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Phantoms 2, Checkers 1: We’re all actually dead right now

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Some observations for your morning...

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Oh my god. Did anyone else stay up for that game? If you didn’t I wouldn’t blame you. It was so. long. Like actually the longest in AHL history. Five overtimes. (And they won it, too!) I think in lieu of actual observations, we should use this time to draft notes of awe and appreciation to the Phantoms for actually surviving that game. Like, physically surviving, not keeling over right before our very eyes. I’ll let you guys take that over in the comments section.

I however, did not draft such notes, and instead went with my usual ten observations. That’s what I have for you on this fine morning. Cool.

1.Jumping early

We keep hearing, through the course of this series, that Charlotte is the highest scoring team in the AHL, how dangerous they can be offensively, if given enough space to work with. We saw it in Game 2, where they took an early lead and ran with it. What did we learn, there? The Phantoms can’t really afford to come out flat and give up an early lead. It’s going to hurt them if they do. So they didn’t.

The Phantoms didn’t quite establish full dominance through the first period, but they came out with some jump—a feat in and of itself on the back end of a back to back—and got right to work in setting up in the offensive zone and generating some chances for themselves. When they notched their first goal (more on that later!) we weren’t surprised—the Phantoms came out with intensity and were ready to work, and they were rewarded for it.

2.Phil Myers is Doing Things

This has been the story of his playoffs, it seems like, right? “With [insert defenseman’s name here] injured, Myers really has the chance to take a step up and make some noise for himself. With Travis Sanheim out, it was figured his ice time would increase already, and with Morin leaving the game early with what looked to be a knee injury, Myers had another chance to step up even further. Let’s talk about it.

The good: he was good at what we’ve more or less come to expect from him—dipping low in the zone to contribute offensively and also being active on the rush. Through the first few and last few minutes of the game he was very active in these areas, just all over the place trying to make something happen. He didn’t get anything, but he was right there.

The less good: he took two penalties and, as such, gave a dangerous Checkers power play two chances. They didn’t score on either of them. But still yikes.

The excusable: the first penalty was a slash taken while he tried to defend a would-be breakaway. Did he absolutely need to take that penalty? Maybe not. But he prevented a shot on that rush, so maybe we forgive it? Maybe. Sure.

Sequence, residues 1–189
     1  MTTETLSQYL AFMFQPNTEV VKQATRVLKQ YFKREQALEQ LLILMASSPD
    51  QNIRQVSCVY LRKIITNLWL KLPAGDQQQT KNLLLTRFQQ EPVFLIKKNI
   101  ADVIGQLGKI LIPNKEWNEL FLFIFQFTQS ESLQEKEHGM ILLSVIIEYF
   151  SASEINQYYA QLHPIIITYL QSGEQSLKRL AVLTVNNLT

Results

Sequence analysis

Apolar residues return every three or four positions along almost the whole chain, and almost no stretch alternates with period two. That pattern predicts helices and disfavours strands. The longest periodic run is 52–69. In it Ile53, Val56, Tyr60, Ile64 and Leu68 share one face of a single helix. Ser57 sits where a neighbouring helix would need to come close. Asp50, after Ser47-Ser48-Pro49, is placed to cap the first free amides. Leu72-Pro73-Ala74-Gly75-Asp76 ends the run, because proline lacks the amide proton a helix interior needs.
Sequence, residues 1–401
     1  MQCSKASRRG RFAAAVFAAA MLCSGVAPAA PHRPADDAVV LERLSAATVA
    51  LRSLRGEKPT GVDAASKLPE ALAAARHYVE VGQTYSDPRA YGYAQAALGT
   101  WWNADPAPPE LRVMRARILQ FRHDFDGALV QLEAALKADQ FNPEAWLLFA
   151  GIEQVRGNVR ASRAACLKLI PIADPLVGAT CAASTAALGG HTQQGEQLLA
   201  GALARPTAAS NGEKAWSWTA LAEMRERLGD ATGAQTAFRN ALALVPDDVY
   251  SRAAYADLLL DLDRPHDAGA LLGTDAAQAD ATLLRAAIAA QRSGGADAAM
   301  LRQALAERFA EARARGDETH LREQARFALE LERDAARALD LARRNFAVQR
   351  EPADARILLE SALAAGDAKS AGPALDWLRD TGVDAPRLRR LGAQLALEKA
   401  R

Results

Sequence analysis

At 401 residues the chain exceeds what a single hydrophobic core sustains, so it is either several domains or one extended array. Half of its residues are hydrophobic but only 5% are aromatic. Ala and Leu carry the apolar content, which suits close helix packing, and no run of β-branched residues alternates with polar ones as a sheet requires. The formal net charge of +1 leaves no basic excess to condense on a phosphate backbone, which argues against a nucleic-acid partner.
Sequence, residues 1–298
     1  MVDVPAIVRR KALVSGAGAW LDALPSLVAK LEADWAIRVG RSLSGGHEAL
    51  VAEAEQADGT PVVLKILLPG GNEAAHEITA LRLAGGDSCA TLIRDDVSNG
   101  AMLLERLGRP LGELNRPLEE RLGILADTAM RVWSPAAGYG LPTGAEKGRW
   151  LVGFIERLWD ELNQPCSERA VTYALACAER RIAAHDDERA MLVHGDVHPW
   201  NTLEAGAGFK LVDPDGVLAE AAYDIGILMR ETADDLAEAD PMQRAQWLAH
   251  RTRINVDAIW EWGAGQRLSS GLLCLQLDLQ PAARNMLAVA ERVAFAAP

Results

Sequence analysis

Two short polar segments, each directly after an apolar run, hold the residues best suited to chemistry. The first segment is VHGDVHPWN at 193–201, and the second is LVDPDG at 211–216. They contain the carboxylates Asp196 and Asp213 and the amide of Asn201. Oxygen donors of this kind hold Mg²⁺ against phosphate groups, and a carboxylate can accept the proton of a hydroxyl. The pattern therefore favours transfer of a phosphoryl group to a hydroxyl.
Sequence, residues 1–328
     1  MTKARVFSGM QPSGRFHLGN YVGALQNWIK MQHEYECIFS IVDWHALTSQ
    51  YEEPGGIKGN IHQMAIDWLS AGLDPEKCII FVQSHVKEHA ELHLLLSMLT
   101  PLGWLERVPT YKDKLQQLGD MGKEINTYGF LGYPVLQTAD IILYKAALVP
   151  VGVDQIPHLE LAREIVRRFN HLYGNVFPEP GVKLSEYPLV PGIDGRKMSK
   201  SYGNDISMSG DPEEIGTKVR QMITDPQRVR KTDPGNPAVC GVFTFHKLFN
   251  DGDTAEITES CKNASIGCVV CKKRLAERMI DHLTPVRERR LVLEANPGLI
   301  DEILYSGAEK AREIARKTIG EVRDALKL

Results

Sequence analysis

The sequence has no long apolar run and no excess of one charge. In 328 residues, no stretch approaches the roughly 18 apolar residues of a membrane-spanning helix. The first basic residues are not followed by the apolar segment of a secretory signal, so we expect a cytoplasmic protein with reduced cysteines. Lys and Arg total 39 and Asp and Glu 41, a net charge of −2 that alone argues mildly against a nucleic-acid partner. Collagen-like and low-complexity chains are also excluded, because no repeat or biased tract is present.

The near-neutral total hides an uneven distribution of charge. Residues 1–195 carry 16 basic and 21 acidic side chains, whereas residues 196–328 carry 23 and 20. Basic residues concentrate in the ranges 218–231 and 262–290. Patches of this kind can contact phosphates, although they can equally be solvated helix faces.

3.Lyon time continues

We shouldn’t be too surprised by this, that, after a huge performance in Game 3 on Tuesday, that Alex Lyon should get the start again for Game 4. He came up huge in his first showing and did well to repeat that performance last night.

Over the course of the evening, Lyon stopped 94 of the 95 shots he faced. And while these numbers are good (they are very good, in fact!), what’s even more important is what they mean. We’ll talk more about this later, but through the middle of the game, the Phantoms hit these stretches where they were hemmed into their own zone and just could not seem to control the puck or break up the Checkers’ pressure, and it was all Lyon the whole time, standing his head and doing everything he could to keep his team in the game.

And this was really the story of overtime, too. All of the overtimes. Lyon kept them in it through four (4) sessions, and then some. The Checkers were really firing on all cylinders in overtime, but Lyon made every save he was tasked with, and in many cases did it with style. He bought them the time to get the game winner for themselves, just like in that Game 4 overtime against Providence. Alex, thank you.

And Ron, I hope you were watching.

4.Danick Martel, hello

We said more on the first goal later, and guess what, it’s later! That first goal came from Martel, and it was pretty nice. Let’s have a look.

We’ve been talking about his series as a whole, and how he’s been all over the place for much of it, and last night wasn’t much different. He closed out the night with six shots (tied for the team lead) and was doing the usual thing of skating circles around just about everybody.

But beyond the flash of picking up the team’s only regulation goal, Martel was also a force in all of the overtime. Our broadcaster kept talking about how many chances Max Lamarche was getting (which was still a lot for him!) but Martel remained one of the more noticeable Phantoms on the ice during bonus hockey. Despite the fact that they had played for approximately seventy years, he still had the legs go and was positively skating around Checkers. He took a huge open ice hit (he’s okay, don’t worry) as they tried to slow him down. He didn’t close out any of those overtime chances, but he was really right on the doorstep a handful of times.

5.Time to talk about the power play

You had to know this was coming, right? We literally cannot help but talk about special teams. The power play hasn’t been great so far this series, so we should take a moment to check in with them. It’s not great news. It’s not horrible news, but it’s not excellent, either.

The Phantoms only had one chance on the man-advantage during regulation, and it was something of a lackluster attempt. The bad news is that it saw the Phantoms spend two stretches in their own zone, trying to fend of shorthanded attempts. The good news is that it also saw two individual scoring chances for Oskar Lindblom that just missed. And then it was over.